3. you will need to fry the eggplants (i buy italian eggplants that are on the smaller side, fry them whole and peeled with their end caps left on). peel the eggplants, salt them, and let them sweat (and drain) for 1/2 to 1 hour. slowly (on medium heat ) fry them on all sides-i will leave the amount of oil up to you, but typically you need a good amount-lately i’ve been using much less oil and getting away with it, but it’s not as good. ideally, your eggplants should look like the fried ones above.
4. once you have all your components ready you can start putting the stew together. in a deep baking dish, start with a portion of the stewed tomatoes at the bottom, then add your cooked meat (with all the good juices), some fried onions (scattered evenly), a squeeze of lime juice, a touch of your saffron (diluted in a tsp or two of hot water), a touch of salt, then surround the beef with the fried eggplants. add more of the stewed tomatoes, fried onions, the saffron, and another squeeze of lemon juice (about 1 lime total if you have sour grapes-otherwise 2). slice your tomatoes in halves or quarters and add them to the top (skin on top) along with a scattering of sour grapes.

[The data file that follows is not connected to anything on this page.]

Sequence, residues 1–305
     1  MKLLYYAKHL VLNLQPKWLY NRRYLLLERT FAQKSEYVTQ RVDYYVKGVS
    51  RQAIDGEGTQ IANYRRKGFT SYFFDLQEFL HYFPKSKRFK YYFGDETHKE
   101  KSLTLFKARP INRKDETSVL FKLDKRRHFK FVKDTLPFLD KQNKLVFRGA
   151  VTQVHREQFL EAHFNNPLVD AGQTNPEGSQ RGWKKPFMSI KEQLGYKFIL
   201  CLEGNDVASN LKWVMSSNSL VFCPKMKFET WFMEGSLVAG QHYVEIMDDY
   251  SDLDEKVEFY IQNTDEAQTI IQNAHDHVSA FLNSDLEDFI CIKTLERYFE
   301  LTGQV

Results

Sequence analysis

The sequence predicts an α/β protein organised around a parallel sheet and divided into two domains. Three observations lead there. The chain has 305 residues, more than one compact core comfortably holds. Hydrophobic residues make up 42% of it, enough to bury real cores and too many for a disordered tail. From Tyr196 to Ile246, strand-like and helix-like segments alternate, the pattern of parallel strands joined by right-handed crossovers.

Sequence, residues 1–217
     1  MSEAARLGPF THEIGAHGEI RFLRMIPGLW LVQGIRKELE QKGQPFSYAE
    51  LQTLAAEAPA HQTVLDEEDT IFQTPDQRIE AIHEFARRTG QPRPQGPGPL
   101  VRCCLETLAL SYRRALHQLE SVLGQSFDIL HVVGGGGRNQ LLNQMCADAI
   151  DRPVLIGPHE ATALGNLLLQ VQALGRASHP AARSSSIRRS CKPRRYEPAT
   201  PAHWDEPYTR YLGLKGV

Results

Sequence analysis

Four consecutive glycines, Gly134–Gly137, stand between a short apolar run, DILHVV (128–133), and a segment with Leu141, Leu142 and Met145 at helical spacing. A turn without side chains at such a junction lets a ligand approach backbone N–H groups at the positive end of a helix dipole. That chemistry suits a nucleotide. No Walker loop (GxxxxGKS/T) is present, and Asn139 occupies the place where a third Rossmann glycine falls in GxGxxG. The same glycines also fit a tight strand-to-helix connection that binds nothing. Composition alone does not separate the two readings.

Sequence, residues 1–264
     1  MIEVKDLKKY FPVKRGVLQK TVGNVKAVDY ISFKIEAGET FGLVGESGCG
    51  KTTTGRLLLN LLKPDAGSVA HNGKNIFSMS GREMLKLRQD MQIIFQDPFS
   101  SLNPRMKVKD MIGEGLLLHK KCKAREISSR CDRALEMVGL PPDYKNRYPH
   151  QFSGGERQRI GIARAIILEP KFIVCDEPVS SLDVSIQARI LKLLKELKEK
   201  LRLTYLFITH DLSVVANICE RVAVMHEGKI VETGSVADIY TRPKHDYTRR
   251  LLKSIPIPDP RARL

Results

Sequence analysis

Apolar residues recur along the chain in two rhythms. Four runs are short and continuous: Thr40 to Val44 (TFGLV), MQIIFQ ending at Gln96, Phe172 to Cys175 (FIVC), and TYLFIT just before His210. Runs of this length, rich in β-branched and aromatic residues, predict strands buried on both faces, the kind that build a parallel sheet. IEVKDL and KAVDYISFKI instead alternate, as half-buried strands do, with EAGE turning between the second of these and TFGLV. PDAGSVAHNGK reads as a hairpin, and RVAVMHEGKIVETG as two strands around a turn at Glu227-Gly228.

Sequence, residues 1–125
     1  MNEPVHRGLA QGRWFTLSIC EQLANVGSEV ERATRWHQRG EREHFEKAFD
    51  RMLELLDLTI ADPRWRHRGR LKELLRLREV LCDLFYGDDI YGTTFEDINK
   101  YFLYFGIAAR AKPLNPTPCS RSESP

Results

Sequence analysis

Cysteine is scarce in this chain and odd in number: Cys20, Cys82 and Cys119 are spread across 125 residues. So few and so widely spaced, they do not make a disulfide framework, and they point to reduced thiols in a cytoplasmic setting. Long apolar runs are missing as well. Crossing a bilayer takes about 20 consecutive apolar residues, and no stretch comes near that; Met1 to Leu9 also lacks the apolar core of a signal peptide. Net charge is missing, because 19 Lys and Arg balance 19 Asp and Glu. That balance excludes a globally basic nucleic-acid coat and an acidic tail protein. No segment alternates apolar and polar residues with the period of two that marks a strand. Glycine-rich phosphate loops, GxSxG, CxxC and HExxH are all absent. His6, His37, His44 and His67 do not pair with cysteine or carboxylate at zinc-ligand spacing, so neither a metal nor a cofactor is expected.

5. i cook mostly by instinct, and i’m trying to share my process with you. you are now ready to bake-or keep it (refrigerated) for baking later (even the next day). cover with foil (or lid) and bake at 350 degrees for about 45 minutes to an hour. serve with white steamed basmati rice. see my recipe for persian steamed rice -follow the recipe, leaving out all the spices except the saffron. enjoy. we did…